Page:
- Get 7 – 9 hours of quality, uninterrupted sleep. I’ve written about seven hormones that become out of whack with too little sleep. On a practical level, sleep deprivation makes morning rush hour traffic miserable as you imagine your boss reprimanding you for being late while devouring your third dark roast. Frustrating episodes throughout your sleep-deprived day become monumental events that leave you even more stressed. A chicken-or-egg cycle ensues as stress cuts into your sleep. Among other problems, studies show chronic stress and sleep loss increase your risk for depression and other mood disorders. Make time for seven to nine hours of high quality, uninterrupted sleep every night. You'll find you're more productive and capable of rolling with whatever stress the following day throws at you.
- Create bliss time. Relaxation gets short shift as our work-more mentality pervades. Schedule "me" time and prioritize it just like you would an important client. One study shows a massage could lower your stress hormone cortisol while boosting your feel-good neurotransmitters serotonin and dopamine. Another study among the elderly found acupuncture could reduce stress and boost lymphocyte production. Studies also show regularly practicing Transcendental Meditation (TM) can be effective against chronic stress. What matters most is what works for you, even if that means watching a silly movie or having a coffee date with your beset friend. Find it and make it a daily habit.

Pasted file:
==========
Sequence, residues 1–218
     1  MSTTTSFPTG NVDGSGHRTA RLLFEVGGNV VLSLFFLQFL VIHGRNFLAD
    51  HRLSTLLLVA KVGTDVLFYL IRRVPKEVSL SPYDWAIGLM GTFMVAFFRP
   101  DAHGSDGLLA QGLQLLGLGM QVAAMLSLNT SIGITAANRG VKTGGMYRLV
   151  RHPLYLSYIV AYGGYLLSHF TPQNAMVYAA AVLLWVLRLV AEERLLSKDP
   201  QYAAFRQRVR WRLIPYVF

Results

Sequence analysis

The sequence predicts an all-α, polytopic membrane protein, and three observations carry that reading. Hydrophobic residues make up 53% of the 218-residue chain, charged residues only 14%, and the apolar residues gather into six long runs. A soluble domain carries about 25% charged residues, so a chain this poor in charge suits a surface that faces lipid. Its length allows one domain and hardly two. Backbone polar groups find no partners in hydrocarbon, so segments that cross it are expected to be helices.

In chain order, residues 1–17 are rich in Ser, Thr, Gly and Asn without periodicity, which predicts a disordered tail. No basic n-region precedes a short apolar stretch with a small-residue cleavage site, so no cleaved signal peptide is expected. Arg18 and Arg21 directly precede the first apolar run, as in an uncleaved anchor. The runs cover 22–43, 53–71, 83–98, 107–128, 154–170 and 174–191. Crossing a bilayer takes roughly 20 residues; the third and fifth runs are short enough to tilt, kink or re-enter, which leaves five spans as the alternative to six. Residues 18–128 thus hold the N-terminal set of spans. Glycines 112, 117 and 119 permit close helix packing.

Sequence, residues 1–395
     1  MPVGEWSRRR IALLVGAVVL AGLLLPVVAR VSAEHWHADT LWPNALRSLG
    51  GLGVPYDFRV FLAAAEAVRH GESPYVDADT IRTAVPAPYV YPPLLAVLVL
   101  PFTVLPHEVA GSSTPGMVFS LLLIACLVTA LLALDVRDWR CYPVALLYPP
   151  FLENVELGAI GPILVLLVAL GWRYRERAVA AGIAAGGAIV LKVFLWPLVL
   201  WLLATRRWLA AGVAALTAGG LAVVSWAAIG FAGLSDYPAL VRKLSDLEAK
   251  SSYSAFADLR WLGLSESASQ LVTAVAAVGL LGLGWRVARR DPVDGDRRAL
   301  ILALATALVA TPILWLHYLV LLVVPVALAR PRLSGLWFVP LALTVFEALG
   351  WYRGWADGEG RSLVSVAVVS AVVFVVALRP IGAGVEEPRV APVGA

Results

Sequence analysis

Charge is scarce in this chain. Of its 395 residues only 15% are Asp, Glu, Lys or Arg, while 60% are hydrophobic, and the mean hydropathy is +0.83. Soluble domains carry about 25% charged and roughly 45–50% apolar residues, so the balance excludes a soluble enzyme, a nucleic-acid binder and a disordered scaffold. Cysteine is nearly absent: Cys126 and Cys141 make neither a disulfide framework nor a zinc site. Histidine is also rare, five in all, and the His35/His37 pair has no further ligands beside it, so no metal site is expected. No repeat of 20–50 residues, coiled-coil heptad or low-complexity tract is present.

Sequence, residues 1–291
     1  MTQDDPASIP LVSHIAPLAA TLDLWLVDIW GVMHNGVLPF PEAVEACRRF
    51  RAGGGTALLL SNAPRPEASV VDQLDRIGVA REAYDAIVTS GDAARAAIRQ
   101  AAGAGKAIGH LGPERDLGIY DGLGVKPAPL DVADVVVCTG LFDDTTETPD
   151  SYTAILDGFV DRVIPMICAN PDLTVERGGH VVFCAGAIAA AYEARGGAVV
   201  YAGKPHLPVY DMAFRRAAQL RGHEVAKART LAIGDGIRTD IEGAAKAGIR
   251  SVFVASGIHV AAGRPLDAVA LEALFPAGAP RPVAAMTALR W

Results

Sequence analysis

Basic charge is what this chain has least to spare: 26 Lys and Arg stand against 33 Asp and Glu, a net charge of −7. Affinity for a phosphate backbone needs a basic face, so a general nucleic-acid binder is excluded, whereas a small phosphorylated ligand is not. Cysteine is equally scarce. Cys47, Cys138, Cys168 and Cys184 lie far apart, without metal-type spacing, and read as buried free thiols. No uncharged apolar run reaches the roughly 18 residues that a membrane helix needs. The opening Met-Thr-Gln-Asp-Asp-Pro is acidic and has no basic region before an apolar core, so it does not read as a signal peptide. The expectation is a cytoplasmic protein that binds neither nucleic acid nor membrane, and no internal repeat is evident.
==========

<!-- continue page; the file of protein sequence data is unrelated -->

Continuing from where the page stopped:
- Optimize gut health. Stress plays more of a role in gut health than you might realize. One study showed stress-induced prolonged combat-training increases intestinal permeability (more commonly called leaky gut). Chronic stress can also contribute to irritable bowel syndrome (IBS) and numerous other gastrointestinal conditions. Repopulating healthy microorganisms with a probiotic supplement is among my gut-healing protocol. One study found stress suppressed inflammasome, required to maintain healthy gut flora. In this mice study, probiotics reversed that detrimental effect.
As you can see, chronic stress creates a domino effect that can wreak serious havoc on your life. You can't eliminate stress, but you can learn to reduce and even become resilient to its impact. What one strategy do you find works reduce stress levels? Share yours below or on my Facebook page.
© 2015 JJ Virgin & Associates, Inc.
Celebrity Nutrition & Fitness Expert JJ Virgin helps clients lose weight fast by breaking free from food intolerances and crushing their sugar cravings. She is author of New York Times Bestsellers The Virgin Diet: Drop 7 Foods, Lose 7 Pounds, Just 7 Days, The Virgin Diet Cookbook: 150 Easy and Delicious Recipes to Lose W...